How can I represent an infinite number in python? No matter which number you enter in the program, no number should be greater than this representation of infinity.
In Python, you can do:
test = float("inf")
In Python 3.5, you can do:
import math
test = math.inf
And then:
test > 1
test > 10000
test > x
Will always be true. Unless of course, as pointed out, x is also infinity or "nan" ("not a number").
Additionally (Python 2.x ONLY), in a comparison to Ellipsis
, float(inf)
is lesser, e.g:
float('inf') < Ellipsis
would return true.

16

6Note that infinity is defined in the norm IEEE 7541985 (en.wikipedia.org/wiki/IEEE_7541985), which Any modern language will rely on. Another point is that, according to this norm, infinity must (obviously) be a floatingpoint number. This might explain why Python have chosen this akward syntax. – quickbug Mar 5 '15 at 12:00

4It also won't be true if x is the built in
Ellipsis
, which compares greater than everything, including infinity.float("inf") < Ellipsis
returns True – Singletoned Aug 5 '15 at 8:27 
3Not sure about the last one,
math.inf < ...
orfloat('inf') > Ellipsis
throws aTypeError: unorderable types: float() < ellipsis()
, at least for me. – Peter Goldsborough Oct 6 '15 at 19:34 
2
No one seems to have mentioned about the negative infinity explicitly, so I think I should add it.
For negative infinity:
math.inf
For positive infinity (just for the sake of completeness):
math.inf
I don't know exactly what you are doing, but float("inf")
gives you a float Infinity, which is greater than any other number.
There is an infinity in the NumPy library: from numpy import inf
. To get negative infinity one can simply write inf
.
Another, less convenient, way to do it is to use Decimal
class:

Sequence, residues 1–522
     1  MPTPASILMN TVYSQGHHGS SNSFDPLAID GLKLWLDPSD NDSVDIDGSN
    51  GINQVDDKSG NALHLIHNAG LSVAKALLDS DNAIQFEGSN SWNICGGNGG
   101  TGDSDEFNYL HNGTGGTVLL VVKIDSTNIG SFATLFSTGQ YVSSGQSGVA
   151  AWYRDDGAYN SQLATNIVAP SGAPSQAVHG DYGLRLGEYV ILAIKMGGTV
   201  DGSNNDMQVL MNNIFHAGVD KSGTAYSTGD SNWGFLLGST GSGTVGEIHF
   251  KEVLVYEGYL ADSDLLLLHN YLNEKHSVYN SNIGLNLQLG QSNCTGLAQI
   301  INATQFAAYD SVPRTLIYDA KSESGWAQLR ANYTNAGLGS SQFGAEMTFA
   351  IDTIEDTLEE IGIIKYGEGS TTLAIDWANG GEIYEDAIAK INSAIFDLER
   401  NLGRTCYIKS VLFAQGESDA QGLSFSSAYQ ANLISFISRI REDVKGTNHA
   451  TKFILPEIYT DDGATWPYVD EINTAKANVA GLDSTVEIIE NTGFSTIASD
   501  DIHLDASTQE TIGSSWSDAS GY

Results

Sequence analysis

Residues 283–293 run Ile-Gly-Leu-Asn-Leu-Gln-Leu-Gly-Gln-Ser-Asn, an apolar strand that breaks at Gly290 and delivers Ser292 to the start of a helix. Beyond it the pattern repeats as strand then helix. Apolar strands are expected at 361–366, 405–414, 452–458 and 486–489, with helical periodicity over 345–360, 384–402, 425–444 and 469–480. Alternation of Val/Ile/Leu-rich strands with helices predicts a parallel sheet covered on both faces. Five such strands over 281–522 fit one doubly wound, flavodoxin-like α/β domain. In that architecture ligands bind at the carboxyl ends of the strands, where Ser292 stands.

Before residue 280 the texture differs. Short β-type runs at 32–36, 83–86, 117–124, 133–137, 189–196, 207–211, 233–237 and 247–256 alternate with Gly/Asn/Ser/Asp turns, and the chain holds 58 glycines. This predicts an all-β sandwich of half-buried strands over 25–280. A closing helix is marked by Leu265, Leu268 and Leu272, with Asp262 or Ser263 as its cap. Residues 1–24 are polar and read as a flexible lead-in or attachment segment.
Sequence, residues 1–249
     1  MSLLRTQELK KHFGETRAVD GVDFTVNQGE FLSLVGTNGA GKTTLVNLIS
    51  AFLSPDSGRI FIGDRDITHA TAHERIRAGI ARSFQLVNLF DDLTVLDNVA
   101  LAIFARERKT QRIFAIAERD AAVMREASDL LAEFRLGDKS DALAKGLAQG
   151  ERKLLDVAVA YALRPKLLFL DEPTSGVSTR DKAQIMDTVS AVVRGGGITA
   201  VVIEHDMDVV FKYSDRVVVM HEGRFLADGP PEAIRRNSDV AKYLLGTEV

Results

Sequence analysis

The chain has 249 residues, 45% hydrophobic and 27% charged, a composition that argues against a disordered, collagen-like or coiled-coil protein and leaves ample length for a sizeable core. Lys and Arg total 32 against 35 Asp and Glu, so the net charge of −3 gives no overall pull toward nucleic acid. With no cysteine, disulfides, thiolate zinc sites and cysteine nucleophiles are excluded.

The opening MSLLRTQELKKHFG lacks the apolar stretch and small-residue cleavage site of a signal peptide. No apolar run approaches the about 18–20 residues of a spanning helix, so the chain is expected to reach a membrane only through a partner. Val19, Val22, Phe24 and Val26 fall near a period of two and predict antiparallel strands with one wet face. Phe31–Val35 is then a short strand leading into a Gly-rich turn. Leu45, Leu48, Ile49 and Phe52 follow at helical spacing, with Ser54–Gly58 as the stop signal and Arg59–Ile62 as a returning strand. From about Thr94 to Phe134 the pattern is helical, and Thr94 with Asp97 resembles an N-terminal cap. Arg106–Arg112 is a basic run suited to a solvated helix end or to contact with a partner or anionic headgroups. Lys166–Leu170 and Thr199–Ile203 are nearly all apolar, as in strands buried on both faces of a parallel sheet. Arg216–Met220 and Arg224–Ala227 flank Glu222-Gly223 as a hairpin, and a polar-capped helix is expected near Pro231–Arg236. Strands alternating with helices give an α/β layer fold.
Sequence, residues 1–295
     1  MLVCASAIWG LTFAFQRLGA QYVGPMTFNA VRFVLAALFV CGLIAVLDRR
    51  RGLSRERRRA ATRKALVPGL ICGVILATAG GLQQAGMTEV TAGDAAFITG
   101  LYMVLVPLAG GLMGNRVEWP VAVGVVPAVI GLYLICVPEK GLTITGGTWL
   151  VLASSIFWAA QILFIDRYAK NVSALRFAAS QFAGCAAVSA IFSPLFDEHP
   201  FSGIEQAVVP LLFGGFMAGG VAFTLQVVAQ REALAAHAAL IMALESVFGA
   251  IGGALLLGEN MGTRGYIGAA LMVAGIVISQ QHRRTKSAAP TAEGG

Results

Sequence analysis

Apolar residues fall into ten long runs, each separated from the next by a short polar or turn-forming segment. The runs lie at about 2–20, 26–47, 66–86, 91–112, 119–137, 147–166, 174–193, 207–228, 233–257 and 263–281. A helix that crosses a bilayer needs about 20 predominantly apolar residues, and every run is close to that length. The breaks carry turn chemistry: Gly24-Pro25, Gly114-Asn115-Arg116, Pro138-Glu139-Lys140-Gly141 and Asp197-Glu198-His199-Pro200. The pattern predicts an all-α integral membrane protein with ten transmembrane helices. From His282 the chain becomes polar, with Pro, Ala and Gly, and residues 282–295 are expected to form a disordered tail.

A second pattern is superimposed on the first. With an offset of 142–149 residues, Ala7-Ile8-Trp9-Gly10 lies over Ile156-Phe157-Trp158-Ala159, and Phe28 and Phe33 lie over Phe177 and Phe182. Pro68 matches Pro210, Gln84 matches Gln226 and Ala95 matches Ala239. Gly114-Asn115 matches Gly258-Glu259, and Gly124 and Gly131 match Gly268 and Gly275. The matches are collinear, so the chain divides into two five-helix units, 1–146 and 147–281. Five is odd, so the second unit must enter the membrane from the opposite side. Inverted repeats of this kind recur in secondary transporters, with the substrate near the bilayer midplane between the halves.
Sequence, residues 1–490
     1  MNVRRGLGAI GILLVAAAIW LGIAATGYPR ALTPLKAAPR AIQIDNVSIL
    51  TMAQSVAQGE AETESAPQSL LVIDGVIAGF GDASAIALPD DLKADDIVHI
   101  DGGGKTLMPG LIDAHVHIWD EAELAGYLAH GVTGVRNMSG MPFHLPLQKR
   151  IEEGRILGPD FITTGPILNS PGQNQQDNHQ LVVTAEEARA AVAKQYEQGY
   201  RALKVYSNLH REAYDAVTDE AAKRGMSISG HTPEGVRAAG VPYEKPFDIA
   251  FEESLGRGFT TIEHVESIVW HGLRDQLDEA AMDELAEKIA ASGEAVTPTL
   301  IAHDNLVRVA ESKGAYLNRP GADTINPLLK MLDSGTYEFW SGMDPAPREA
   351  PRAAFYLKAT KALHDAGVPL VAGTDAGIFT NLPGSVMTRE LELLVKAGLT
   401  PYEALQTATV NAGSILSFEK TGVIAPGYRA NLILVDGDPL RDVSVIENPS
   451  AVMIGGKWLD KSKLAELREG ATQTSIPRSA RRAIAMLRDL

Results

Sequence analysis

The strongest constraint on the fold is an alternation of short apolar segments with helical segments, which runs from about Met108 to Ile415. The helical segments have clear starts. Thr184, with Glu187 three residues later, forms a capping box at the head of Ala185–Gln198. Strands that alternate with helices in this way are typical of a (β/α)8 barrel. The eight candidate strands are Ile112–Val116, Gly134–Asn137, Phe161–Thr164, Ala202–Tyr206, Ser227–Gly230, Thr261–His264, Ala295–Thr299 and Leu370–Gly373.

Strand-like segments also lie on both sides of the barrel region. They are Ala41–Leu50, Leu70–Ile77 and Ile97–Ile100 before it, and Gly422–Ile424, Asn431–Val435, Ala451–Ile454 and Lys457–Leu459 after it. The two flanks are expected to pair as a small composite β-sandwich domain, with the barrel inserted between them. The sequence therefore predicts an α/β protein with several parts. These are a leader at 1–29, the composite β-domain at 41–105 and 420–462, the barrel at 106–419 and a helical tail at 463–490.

from decimal import Decimal
pos_inf = Decimal('Infinity')
neg_inf = Decimal('Infinity')

28why don't you add why it is less convenient and why anyone should use it? – Niccolò Jul 25 '14 at 11:59

4Let's see:
Decimal('Infinity') == float('inf')
returnsTrue
, so it's pretty much the same. – Denis Malinovsky Nov 1 '14 at 18:17 
8

5infinity is different even from itself, so your comment didn't make much sense to me, IMHO – nemesisdesign Jun 29 '15 at 13:20

9
float('inf') is float('inf')
>False
, just holds that they are different objects with different instances, but not that the internal contents are different  actually as @nemesisdesign pointedfloat('int') == float('int')
holds toTrue
. This is the same problem like comparing mutable objects like [1,2,3] is [1,2,3] and [1,2,3] == [1,2,3], which are, in order, False and True.. More info see: stackoverflow.com/questions/2988017/… – Manoel Vilela Sep 1 '17 at 10:51
In python2.x there was a dirty hack that served this purpose (NEVER use it unless absolutely necessary):
None < any integer < any string
Thus the check i < ''
holds True
for any integer i
.
It has been reasonably deprecated in python3. Now such comparisons end up with
TypeError: unorderable types: str() < int()

5If you really have yo use this, at least wrap it in some readable names like:
MIN_INFINITY = None; INFINITY = "inf"; MIN_INFINITY < x < INFINITY
– Ali Rasim Kocal Jan 8 '15 at 14:41 
5
Also if you use SymPy you can use sympy.oo
>>> from sympy import oo
>>> oo + 1
oo
>>> oo  oo
nan
etc.
math.inf
is useful as an initial value in optimisation problems, because it works correctly with min, eg.min(5, math.inf) == 5
. For example, in shortest path algorithms, you can set unknown distances tomath.inf
without needing to special caseNone
or assume an upper bound9999999
. Similarly, you can usemath.inf
as a starting value for maximisation problems. – Colonel Panic Oct 12 '16 at 10:59